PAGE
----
Digitization and online access are often presented as an important tool for making history, particularly those whose histories are rarely told, accessible to a broader audience. However, what happens to born-digital materials which can technically be accessed—but whose content and format may not be accessible in the contemporary media environment? In this presentation, I’ll talk
The Hill Museum & Manuscript Library (HMML) at Saint John’s University, Collegeville, Minnesota, was founded in 1965 to microfilm Benedictine libraries in Europe. The project grew rapidly beyond its monastic and European focus. In 2003, HMML began to use digital imaging technologies to document the manuscript heritage of ancient Christian communities in the Middle East.
Our most respected newspapers want their stories to be accurate because once the words are on paper, and the paper is in someone’s hands, there’s no changing them. The words are literally fixed in ink to the page, and mass produced into many copies that are pretty much impossible to recall. Reputations can rise and
Twitter User Identifiers Two weeks ago a group of students, scholars and activists gathered in the evening at MITH for an event called the Night Against Hate. Our goal was to spend two hours working together to link groups and individuals documented in the Southern Poverty Law Center's Extremist Files to their respective Twitter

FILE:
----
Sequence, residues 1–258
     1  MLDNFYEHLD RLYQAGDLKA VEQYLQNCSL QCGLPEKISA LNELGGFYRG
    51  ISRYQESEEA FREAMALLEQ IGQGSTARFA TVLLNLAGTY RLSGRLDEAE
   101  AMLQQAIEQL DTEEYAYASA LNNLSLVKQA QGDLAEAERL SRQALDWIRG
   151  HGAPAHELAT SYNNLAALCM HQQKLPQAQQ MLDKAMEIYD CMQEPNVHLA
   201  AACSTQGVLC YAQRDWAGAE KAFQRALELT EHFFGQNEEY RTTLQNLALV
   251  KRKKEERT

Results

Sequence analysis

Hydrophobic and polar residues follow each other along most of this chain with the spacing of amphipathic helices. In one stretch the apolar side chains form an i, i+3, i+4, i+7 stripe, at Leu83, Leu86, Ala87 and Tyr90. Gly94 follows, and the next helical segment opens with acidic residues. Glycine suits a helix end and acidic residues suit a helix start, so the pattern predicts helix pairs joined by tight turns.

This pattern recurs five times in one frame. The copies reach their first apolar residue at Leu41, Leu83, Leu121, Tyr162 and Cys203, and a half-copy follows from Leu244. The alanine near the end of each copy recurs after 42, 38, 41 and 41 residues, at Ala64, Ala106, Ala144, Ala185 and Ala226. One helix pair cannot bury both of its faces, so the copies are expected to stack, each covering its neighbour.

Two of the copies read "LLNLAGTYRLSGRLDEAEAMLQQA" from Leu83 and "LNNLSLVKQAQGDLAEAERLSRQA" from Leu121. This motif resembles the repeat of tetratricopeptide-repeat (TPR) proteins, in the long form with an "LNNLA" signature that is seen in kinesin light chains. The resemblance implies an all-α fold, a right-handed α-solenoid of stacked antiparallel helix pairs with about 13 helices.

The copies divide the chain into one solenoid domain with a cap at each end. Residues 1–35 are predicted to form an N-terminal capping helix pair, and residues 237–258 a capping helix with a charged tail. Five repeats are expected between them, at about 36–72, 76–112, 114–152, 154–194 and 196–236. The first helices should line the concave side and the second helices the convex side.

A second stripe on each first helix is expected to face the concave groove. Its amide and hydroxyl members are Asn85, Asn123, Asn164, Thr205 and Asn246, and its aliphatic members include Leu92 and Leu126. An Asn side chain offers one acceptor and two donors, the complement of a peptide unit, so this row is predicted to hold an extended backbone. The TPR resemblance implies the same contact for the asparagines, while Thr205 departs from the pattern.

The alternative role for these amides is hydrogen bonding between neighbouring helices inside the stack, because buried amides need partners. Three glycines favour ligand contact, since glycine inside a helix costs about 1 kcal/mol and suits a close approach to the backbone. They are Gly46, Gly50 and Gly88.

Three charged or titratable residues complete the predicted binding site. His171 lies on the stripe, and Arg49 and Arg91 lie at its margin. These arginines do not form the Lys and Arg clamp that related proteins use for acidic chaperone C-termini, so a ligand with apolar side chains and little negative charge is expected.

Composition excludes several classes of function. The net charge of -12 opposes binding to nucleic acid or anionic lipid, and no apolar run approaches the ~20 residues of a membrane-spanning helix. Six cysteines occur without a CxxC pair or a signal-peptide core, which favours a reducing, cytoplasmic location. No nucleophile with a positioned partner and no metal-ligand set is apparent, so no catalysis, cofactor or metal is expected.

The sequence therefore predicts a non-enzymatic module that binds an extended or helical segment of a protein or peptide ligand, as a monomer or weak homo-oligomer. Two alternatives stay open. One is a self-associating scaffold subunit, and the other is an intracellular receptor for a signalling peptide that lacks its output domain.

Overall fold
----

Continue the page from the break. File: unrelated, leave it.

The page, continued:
Books are primarily physical objects composed of leaves combined in sections, used as writing supports, and bound together. An increasing number of libraries, archives, and other memory institutions are investing considerable amount of money and resources in the digitization of cultural heritage; however, these efforts focus on the text, seldom covering also what material information
A Decade of Digital Dialogues Event Recordings and the Challenges of Implementing a Retroactive Digital Asset Management Plan
This is the 5th post in MITH's Digital Stewardship Series. In this post, MITH's summer intern David Durden discusses his work on MITH's audiovisual collection of historic Digital Dialogues events. I was brought on as a summer intern at MITH to work on a digital curation project involving Digital Dialogues, MITH’s signature events program featuring speakers from around
The Maryland Institute for Technology in the Humanities (MITH), University of Maryland’s digital humanities institute, is seeking a graduate student intern to assist with a data curation and stewardship project during the summer 2016 term to assist with the assessment, organization and curation of our collection of audiovisual recordings covering MITH’s speaker series and events.
Back in February we announced MITH's involvement in the Documenting the Now project, which is now under way. In a nutshell, Documenting the Now is an effort to build an application called DocNow, that helps researchers and archivists collect Web content about current events using Twitter. The project is also about building a community and
This is the third post in MITH’s series on stewarding digital humanities scholarship. No doubt you’ve noticed that the MITH website looks a little different these days. We’re proud of this latest refresh of the site’s design, which brings a number of updates such as responsive design, better usability on mobile devices, and reorganized pages